Lobbyist Amsterdam breaks with Thaksin, will pursue justice against the junta on his own

Robert Amsterdam Launches Independent Campaign to Hold Thailand’s Coup Leaders Accountable – January 2, 2015
…The campaign will be conducted on a pro bono basis, completely independently from any active political figure or party in Thailand.
…However following a military coup last May which toppled the elected government, conditions for human rights have sharply deteriorated, and the engagement between Robert Amsterdam and former Prime Minister Thaksin has concluded…

[Some interesting claims here: that Amsterdam stopped representing Thaksin after the coup, that the new anti-junta campaign will be independent of Thaksin, and that “horrific repression” is underway in Thailand.

Amsterdam, despite being employed by Thaksin, was always styled as “UDD Counsel,” responsible for representing the Red Shirt movement.

It is not clear whether the very Thaksinesque blog posts from Amsterdam since the coup were still part of the Thaksin lobbying effort or were his own work. They included an article predicting that the army would unleash “terrorist actions” against the presumably peaceful Red Shirts after the coup. Also, right out of the Red Shirt playbook, was the post-coup reference to an “Inevitable Revolution” while lamenting how Europe and the U.S. were accepting the results of the coup as a normal historical development in Thailand.

This new lobbying effort may be the first reveal of Thaksin’s upcoming strategy to claw back power–make sure the focus remains on the junta’s performance. The international response to the coup was indifference, along with many analyses of the coup explaining it away as a typical Thai event that could be expected in the wake of Pheu Thai’s clumsy attempts to pardon Thaksin, rewrite the charter, and use the rice pledging scheme to empty state coffers and pay its supporters.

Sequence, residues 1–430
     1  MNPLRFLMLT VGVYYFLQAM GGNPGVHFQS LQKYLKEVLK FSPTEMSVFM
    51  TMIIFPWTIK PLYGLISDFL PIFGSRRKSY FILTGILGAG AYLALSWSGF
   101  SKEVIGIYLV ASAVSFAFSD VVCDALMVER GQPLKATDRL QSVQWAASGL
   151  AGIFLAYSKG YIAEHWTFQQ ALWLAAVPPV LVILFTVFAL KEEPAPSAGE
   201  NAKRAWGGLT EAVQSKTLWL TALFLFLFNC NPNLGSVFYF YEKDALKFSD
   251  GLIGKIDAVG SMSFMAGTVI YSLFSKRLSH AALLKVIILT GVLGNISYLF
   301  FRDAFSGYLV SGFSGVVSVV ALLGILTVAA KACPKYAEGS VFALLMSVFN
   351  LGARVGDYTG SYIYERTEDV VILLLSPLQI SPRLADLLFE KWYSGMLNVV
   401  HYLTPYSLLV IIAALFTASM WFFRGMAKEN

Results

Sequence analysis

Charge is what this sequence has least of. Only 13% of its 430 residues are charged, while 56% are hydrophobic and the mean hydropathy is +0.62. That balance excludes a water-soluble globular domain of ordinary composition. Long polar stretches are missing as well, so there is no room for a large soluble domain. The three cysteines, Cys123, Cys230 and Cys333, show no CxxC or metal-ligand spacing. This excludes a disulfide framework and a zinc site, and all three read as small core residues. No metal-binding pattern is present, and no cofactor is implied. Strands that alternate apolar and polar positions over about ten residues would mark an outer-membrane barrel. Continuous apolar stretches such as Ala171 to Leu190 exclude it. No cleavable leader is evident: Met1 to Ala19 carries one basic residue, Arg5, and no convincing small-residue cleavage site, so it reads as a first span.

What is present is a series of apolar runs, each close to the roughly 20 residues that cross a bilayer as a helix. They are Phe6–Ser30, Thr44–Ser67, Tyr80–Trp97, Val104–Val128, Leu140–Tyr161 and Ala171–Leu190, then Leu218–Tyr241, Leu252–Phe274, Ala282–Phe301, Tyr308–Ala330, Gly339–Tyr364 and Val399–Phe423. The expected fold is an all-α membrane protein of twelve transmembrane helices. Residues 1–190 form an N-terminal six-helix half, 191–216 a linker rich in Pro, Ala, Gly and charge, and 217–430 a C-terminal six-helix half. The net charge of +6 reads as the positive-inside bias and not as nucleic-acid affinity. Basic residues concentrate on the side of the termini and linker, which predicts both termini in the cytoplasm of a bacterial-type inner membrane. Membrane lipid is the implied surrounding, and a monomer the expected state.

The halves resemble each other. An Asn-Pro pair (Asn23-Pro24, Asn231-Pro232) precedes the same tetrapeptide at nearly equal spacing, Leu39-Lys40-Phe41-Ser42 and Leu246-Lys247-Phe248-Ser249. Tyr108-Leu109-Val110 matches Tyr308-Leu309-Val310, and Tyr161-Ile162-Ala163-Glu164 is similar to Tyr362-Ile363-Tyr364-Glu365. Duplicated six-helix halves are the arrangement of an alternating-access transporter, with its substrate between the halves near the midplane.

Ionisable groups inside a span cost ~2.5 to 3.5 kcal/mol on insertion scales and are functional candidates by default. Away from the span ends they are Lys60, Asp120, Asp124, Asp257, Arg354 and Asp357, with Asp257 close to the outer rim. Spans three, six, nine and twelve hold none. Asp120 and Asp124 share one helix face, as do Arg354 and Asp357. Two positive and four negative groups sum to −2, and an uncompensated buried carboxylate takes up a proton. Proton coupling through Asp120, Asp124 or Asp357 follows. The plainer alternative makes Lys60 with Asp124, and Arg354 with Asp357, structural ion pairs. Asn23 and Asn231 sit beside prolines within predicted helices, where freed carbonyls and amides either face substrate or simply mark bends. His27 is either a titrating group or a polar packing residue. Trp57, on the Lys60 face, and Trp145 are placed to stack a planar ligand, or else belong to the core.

The new Amsterdam campaign may take some pressure off Thaksin and the Pheu Thai. Internally, both have been slammed for passively acquiescing to the junta instead of agitating for immediate elections and leading the Red Shirts.

The Pheu Thai Party will now be focused on energizing its supporters over rural economic issues and an increasingly deteriorating economic situation. The pro-Thaskin movement is counting on this and will make sure that the “coup is bad for business” line will be ready when economic times go bad.

Still to come is the inevitable build up of outrage over a military dominated post-coup state once the outlines of a new constitution is known. Watch for an attempt to define this for the international community: “the military dictatorship in Thailand,” “democracy is not being restored in Thailand,” “death of freedom in Thailand,” etc.

Here is another recent display of anti-coup talking points for international consumption: Forbes: “Thailand’s Military Junta Destroys Democracy, Enjoys Exercising Power: Generals Postpone Elections Before Rigging Them”

2Bangkok.com Editor Ron Morris’ book, The Thai Book: A Field Guide to Thai Political Motivations, is available in the Kindle Store.]

This entry was posted in 2014 Coup, Analysis, Robert Amsterdam, Thaksin Lobbying. Bookmark the permalink.

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